Johnson was saying on the same program, that the attackers have a
"conservative" frame of mind (and less relevantly that such conservatism
seemed to be inherent in Islam). He at first seemed to say (or was
reported as saying by the journalists) that the attackers had a fear and
loathing of women which perhaps disturbed their minds, made them behave
in ways that to us seem irrational or insane. Later he retracted that
but called them "conservatives" (he seemed to realise the irony as he
spoke), people scared of social change, of uncertainty, of the apparent
disorder and liberty of Europe and America.

Straw  - in this context - is a conservative. He has, I think, a sincere
desire, deeply and strongly felt, for order in society. He is
emotionally disturbed by kids hanging around on street corners, by
aggressive speech, by ranting, by travellers (I  cringe with
embarrassment when I remember is absurd racist nonsense about "real
gypsies". That man is in the same party as me?), by illegal immigrants,
by petty smuggling, by public drunkenness, by litter, by disorder and
complexity and ragged edges in general. He wants to clean up all the
social clutter.  It is the other side of the coin from the concern for
"social exclusion". He wants everyone to be socially included, and those
who can't, or won't, be included are scary. He thinks we would all be
happier if everyone knew their place. 

He's not really a nationalist, but he is a statist. He thinks security
and order are the product of the state, and that without the state our
lives would be nasty, brutish, and short. So the authority of the state
must be preserved.  For him teenagers drinking cheap cider on street
corners are at the thin end of a wedge that leads to the destruction of

This kind of conservative personality (whether Islamic-conservative or
New-Labour-conservative) can all too easily slide into the sort of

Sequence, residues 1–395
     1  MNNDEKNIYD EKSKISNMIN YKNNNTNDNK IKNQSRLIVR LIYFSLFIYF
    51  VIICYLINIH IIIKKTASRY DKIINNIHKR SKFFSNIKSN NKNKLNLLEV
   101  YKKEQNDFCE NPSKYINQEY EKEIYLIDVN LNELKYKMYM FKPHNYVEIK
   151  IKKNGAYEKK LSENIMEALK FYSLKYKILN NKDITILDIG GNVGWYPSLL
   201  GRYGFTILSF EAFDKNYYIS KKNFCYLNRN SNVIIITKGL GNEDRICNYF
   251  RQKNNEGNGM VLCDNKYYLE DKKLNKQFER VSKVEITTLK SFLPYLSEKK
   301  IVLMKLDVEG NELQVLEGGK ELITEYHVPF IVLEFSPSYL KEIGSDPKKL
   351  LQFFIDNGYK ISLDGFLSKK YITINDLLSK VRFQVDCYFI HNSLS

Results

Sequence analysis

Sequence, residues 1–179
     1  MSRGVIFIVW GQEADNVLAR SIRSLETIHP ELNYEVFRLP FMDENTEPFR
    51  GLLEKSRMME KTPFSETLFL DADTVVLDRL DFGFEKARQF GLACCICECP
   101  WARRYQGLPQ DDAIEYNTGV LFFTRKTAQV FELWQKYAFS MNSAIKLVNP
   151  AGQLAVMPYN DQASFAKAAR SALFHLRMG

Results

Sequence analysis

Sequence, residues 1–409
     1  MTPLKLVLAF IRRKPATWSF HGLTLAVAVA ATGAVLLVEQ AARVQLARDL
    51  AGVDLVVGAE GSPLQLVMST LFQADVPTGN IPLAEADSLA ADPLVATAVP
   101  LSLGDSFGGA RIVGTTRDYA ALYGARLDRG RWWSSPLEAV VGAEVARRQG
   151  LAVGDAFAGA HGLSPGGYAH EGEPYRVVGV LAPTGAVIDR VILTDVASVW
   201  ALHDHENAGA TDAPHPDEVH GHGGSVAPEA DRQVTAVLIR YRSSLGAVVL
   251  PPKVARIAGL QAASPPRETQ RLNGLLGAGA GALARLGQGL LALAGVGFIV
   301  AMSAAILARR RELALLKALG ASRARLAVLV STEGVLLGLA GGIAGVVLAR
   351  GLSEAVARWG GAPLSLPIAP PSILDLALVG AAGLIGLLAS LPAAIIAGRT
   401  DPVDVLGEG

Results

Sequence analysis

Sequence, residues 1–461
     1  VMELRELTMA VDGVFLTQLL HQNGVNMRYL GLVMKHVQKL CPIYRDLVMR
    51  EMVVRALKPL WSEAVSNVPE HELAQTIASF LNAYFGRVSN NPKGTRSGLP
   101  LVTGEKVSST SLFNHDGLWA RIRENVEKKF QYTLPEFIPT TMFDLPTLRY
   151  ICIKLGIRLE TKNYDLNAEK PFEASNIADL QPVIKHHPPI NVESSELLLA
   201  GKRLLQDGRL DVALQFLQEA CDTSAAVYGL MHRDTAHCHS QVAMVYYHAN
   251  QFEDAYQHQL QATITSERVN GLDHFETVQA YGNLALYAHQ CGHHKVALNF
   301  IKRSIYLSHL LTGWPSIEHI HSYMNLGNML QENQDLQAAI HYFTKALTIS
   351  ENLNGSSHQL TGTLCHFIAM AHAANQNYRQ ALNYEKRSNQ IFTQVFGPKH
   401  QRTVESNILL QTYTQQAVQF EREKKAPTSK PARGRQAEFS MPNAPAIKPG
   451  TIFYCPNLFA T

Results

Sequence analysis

authoritarianism that objects to unlicensed people going about their
unlicensed business, that wants to force everybody not just to know
their place but to keep their place, that fears unregulated speech, that
hates the idea of men with no master. That thinks that the only way to
stop the kids hanging about on the street corners is to tell them where
they should be and make sure they stay there. That thinks that the only
way of preventing us from spreading hate over the Internet or from
plotting to put bombs in the House of Commons car park is to listen to
everything we say. That everything that is not explicitly commanded
should be forbidden. That the giving and the taking of orders is good
for the soul. In British politics that sort of authoritarian personality
has typically found a home in  the Conservative Party (some Tories love
to spout about libertarianism and free trade,  but the party as a whole
has been firmly grounded in  blue-rinsed, nationalist, royalist,
protectionist, petty deferentialism for it's entire history). But I
think we are seeing the result of authoritarian entryism into the Labour

Boris Johnson, I hate to admit, was right. 

If this is a war, we aren't going to win it by capitulating. Jack Straw
made a surrender speech this morning. He called for appeasement. He
almost certainly has no idea that that is what he was doing.

I think Straw makes a decent Foreign Secretary. Intelligent, honest,
hard-working, sincere, a lover of law and the Law, the last man to go
and drop bombs on people for revenge and spite.  But I thank God he
isn't Home Secretary any more. I honestly doubt that he is emotionally 
capable of understanding why some of us cannot morally put up with i.d.
cards and censorship. The liberty we love seems to him to be disorder,
irrationality, delusion.


More information about the cypherpunks-legacy mailing list